Right before the cruel frost in the second week of September I quickly harvested all the remaining vegetables in my garden. I didn’t mind harvesting the carrots and beets as they had grown to a nice size and I was able to easily can or store them for the winter. What pained me the most was picking dozens and dozen of green tomatoes. For weeks now I have watched them slowly turn from green to red. Of course since I picked them all at the same time, almost all of them turned red at the same time. I decided to slow roast most of the Roma tomatoes in my oven. I cut them in half and sprinkled them with olive oil and seasoned them with salt and pepper.
Then I placed them in the oven for a couple of hours at a low temperature and the results were glorious.
The bottoms of the tomatoes were slightly caramelized from all the natural sugars. I served these with a bit of goat cheese and mixed greens with a balsamic dressing. Heaven.
For dinner I made a vegetable galette with a roasted tomato puree. I roasted some beefsteak tomatoes and onions from my garden and some garlic from my dad’s garden.
After 30 minutes in the oven the tomato mixture was ready to go into the blender.
After the mixture was pureed I put it back on the stove and reduced it a bit.
As for the galette, I sautéed some vegetables and made a corn meal crust. You are supposed to use four-inch tart shells, but since I had none I just rolled the dough into six-inch circles. I placed a half cup of vegetables in the middle of the pastry and folded in the sides of the pastry. I topped it off with a dollop of goat cheese. I baked it for 20 minutes and served it with the tomato puree. I can’t take total (or any really) credit for the recipe as I stole most of it from John Bishop’s cookbook Fresh. He owns Bishop’s in Vancouver.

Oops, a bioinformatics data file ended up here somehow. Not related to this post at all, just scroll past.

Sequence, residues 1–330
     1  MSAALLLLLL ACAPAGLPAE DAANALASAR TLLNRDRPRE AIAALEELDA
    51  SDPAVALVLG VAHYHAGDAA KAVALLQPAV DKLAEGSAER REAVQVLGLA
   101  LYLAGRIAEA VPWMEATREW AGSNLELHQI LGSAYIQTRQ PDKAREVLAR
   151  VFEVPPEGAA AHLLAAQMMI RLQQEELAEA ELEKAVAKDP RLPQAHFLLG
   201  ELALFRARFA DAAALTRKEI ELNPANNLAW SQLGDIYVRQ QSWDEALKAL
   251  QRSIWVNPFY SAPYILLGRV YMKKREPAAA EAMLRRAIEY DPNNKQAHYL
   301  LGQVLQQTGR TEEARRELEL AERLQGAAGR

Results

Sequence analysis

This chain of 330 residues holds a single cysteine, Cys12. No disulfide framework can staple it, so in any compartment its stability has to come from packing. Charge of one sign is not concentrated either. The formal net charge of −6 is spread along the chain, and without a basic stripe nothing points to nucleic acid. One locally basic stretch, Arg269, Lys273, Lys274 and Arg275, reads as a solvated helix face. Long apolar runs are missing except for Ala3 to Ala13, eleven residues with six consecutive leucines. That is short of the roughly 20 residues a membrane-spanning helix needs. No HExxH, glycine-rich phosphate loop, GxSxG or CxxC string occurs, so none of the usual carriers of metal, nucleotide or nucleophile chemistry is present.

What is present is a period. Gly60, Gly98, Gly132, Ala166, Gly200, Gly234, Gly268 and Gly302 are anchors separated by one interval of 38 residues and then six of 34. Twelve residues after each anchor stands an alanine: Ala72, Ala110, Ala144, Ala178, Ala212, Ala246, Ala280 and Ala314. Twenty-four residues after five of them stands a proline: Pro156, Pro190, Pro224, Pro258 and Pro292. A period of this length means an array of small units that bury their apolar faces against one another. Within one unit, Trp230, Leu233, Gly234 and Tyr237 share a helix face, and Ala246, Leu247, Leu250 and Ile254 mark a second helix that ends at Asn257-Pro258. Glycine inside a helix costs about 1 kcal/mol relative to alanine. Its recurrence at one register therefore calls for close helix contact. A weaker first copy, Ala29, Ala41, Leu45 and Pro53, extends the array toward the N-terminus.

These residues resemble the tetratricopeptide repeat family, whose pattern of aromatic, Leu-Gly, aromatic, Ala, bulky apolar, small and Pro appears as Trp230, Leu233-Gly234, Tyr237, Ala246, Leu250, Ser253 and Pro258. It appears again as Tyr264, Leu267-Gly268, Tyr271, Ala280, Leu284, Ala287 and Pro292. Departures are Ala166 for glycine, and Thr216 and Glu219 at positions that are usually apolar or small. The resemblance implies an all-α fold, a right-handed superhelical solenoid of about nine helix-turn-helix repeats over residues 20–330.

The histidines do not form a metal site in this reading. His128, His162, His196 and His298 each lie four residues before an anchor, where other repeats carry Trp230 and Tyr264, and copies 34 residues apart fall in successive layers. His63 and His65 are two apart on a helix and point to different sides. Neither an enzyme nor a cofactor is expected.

You might have noticed that I’ve mentioned goat cheese twice in this posting. I have to say that Smoky Valley Goat Cheese, (an Alberta product sold at the downtown farmers’ market), is some of the best goat cheese I have ever had. I bought a CSA share from them so I can enjoy their wonderful product all year round. I would also encourage you to read the entry by Kevin Kossowan. It’s interesting for two reasons: the product itself, and Kevin’s dedication to helping this producer. I hear a lot of people talking about supporting local producers, but this is the first time I have ever seen someone take it upon themselves to really help. He is redesigning their website, promoting their product, and. when I was at the market on Saturday, I saw him at their booth (I recognize him from his video on butchering pork, so I’m not a total creeper). It’s totally making a difference as I had to line up to get my goat cheese this week. Way to go Kevin and Smoky Valley – keep up the great work, and please keep supplying my goat cheese cravings.
JP, if you have never had their cheese I suggest you get your butt over to my house sometime this weekend before I eat it all.
My next post will be about Thanksgiving – Boyfriend Makes Coq au Vin or maybe Burnt Boyfriend, when he attempts to deglaze the pan.
Posted by King Crabby